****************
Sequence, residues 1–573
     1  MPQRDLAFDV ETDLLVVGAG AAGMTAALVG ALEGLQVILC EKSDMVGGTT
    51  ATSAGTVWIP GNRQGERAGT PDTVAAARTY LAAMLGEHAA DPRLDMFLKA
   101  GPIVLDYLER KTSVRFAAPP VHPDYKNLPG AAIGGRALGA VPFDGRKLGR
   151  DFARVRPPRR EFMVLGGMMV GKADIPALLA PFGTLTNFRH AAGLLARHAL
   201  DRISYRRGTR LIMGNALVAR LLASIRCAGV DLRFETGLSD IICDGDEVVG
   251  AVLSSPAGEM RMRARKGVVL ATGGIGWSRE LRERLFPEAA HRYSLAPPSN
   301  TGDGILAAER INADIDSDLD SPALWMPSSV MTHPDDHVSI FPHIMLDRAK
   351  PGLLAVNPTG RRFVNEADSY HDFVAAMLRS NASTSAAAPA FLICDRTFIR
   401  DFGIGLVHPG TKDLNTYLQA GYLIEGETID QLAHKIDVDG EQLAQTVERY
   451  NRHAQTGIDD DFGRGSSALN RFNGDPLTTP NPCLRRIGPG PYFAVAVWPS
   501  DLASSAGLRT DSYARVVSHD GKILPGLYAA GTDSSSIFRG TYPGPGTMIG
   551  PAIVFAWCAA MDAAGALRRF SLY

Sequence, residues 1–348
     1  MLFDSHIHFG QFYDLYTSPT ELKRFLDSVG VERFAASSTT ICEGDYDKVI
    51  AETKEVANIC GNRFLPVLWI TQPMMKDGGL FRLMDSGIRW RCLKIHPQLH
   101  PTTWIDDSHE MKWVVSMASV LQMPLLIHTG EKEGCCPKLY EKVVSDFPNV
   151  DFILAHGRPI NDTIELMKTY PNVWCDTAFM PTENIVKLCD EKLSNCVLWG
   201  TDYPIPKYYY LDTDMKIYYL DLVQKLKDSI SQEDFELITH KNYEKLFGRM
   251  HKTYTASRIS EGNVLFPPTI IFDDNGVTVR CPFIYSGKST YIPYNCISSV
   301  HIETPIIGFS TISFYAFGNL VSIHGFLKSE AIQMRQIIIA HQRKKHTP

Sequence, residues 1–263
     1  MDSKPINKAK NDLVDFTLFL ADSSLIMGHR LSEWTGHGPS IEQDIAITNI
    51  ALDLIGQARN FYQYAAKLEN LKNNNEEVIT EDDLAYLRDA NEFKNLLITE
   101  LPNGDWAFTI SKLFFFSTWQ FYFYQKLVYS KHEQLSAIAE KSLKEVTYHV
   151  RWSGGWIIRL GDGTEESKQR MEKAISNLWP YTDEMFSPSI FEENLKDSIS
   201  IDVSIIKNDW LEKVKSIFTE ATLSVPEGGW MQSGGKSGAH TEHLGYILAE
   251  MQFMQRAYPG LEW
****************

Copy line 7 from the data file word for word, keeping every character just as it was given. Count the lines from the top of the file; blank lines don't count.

   251  AVLSSPAGEM RMRARKGVVL ATGGIGWSRE LRERLFPEAA HRYSLAPPSN